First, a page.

Look at the list and you might go - so what (even if there is some argument about whether the real impacts of the "expenditures" are correct - which most people who know this stuff do not believe). Look closely at the first ten and there are some legitimate and illegitimate issues in public policy. Would it really be a good idea to eliminate the preference on capital gains and allow the government to reap the benefits of inflation and also depress the growth in capital stock? A couple like step up basis, are involved in the inheritance tax (or death tax) debates - if you buy the death tax - you probably buy the step up change (or else you go back to the nightmare that was in the IRS code briefly after the 1954 tax revision where holders of appreciated assets had to go back and find original values.

But there are also some other things that might bear looking at - the president's proposal on the absolute deductability of health insurance premiums is something that is on the table - part of our problem in health care costs is the structure we have created in the tax code. Some, although they might be worth looking at are off the table because of the interest groups represented (there is very little evidence that the mortgage interest deduction does a significant boost in home ownership - data from other nations where there is no deduction are not appreciably different).

My point is here is a report required in law which does little to improve the quality of public discourse - except at the extremes.

Thinking about Annual Meetings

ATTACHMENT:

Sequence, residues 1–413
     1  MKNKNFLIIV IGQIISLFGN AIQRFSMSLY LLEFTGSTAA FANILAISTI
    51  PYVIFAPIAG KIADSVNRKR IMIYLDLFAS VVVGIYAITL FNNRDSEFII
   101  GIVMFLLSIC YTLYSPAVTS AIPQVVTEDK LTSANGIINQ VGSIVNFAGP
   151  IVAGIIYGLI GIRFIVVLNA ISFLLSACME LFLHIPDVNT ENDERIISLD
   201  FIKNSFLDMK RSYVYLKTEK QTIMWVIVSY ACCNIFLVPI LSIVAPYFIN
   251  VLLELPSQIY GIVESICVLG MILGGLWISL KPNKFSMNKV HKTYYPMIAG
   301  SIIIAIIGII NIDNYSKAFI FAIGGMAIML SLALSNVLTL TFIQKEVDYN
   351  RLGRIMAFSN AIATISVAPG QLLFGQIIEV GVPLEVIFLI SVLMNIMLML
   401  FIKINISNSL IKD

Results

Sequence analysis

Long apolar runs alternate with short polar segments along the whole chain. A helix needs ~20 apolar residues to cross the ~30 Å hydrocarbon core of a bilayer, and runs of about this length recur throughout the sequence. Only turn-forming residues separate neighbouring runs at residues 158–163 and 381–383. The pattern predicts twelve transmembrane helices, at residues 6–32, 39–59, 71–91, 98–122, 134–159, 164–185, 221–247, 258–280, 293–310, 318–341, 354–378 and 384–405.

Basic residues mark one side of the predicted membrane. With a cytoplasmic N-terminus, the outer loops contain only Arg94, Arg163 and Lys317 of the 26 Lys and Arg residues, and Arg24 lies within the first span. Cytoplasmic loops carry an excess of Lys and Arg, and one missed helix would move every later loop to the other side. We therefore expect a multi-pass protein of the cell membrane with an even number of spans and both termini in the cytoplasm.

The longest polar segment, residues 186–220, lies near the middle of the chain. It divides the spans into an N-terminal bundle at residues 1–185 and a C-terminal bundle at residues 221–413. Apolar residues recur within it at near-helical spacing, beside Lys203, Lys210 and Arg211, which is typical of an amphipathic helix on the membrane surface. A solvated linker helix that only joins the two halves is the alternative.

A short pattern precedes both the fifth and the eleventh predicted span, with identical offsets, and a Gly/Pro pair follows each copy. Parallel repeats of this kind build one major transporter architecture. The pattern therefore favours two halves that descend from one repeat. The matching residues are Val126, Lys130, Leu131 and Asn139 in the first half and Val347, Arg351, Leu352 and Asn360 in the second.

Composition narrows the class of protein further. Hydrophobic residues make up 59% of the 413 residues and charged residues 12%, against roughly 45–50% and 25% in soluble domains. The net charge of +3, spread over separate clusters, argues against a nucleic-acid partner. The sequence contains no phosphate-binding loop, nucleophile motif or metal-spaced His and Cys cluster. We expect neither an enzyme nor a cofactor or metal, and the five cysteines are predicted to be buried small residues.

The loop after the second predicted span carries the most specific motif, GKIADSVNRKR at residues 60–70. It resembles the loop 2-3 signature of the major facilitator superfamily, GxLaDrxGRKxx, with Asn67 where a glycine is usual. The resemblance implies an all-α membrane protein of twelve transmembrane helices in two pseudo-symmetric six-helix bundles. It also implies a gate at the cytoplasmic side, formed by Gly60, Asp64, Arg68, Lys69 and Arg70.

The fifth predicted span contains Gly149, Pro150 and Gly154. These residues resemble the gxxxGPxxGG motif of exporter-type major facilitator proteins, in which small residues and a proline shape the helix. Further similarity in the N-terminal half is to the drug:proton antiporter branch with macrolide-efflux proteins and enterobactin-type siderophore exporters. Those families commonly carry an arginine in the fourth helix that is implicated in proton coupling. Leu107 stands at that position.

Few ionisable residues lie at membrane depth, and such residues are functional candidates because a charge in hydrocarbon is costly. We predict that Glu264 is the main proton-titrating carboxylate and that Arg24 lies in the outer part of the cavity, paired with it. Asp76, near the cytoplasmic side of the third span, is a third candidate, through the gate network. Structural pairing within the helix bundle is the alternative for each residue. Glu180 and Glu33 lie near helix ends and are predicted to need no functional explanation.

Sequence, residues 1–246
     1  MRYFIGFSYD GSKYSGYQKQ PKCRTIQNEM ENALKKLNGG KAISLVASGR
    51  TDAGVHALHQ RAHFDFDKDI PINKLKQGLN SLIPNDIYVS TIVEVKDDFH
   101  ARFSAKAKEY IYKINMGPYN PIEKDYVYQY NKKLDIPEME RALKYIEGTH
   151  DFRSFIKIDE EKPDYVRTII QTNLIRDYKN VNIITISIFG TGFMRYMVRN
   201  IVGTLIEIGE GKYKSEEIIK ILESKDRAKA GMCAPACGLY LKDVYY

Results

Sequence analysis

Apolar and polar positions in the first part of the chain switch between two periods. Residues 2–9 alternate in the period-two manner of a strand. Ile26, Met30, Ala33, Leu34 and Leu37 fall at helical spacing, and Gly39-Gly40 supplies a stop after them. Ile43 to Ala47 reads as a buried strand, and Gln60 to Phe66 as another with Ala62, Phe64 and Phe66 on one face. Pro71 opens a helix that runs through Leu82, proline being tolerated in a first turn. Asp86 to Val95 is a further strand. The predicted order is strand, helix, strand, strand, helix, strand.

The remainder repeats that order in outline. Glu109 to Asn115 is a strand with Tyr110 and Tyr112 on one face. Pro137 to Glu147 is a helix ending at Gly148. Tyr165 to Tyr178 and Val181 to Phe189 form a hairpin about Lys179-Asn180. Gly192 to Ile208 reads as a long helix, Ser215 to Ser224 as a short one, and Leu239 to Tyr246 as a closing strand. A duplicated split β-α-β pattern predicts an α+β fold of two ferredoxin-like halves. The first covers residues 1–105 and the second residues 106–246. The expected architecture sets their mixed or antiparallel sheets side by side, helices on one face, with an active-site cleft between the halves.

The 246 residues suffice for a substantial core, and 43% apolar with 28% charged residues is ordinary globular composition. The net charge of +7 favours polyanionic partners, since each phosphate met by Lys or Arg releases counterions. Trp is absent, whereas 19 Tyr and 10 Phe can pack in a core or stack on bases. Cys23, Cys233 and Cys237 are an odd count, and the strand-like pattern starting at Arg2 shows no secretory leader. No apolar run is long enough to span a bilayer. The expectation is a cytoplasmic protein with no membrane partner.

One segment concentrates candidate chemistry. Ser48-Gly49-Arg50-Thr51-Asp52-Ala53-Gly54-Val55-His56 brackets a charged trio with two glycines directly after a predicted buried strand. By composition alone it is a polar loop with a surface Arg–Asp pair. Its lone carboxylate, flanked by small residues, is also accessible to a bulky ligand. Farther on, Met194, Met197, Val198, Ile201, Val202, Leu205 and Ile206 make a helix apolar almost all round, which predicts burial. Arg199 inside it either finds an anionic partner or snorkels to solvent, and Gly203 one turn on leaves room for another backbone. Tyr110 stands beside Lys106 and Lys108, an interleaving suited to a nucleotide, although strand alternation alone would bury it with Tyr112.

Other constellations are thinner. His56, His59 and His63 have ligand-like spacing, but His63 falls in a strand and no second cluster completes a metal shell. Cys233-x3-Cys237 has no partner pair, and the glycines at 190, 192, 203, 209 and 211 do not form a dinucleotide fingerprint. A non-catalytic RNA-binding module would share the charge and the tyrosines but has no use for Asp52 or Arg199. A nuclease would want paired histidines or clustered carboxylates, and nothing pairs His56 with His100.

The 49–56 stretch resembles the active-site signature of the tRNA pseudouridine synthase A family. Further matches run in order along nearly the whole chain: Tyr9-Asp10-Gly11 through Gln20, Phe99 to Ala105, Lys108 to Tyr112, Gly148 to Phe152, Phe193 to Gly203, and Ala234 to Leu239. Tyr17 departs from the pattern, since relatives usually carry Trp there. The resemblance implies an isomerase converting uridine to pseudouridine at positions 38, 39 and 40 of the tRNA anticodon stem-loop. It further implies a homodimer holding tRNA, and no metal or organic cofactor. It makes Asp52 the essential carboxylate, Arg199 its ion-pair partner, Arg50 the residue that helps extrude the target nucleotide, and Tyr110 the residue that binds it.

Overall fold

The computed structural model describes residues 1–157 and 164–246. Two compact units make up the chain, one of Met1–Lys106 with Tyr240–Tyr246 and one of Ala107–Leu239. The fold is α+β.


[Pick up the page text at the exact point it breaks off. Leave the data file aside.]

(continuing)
For the past 30 years I have been attending the National Association of Independent Colleges and Universities Annual Meeting which is held each year about this time. I was struck this year by a couple of things.

#1 - New Members of Congress should learn how to answer questions. Dave Loebsack spoke to us. He is the guy who beat Jim Leach. I do not have an opinion on the new member - he seems like a nice enough guy - a former college professor. But his answers to questions from a friendly audience, were long (too long). I always liked the response I once saw Bill Buckley give to a question - which started with Do you believe and then went into several paragraphs of qualifications. Buckley looked at the questioner who had tried her best to try and hook the pundit and simply answered "No, next question."

#2 - Congress has forgotten some basics. Several members of congress complained about how busy they were in various ways. I would argue that is their own fault. When I worked on the hill there were three house buildings and two senate ones. Now there are tons more. I am not sure we get anything more for all those extra people except complexity.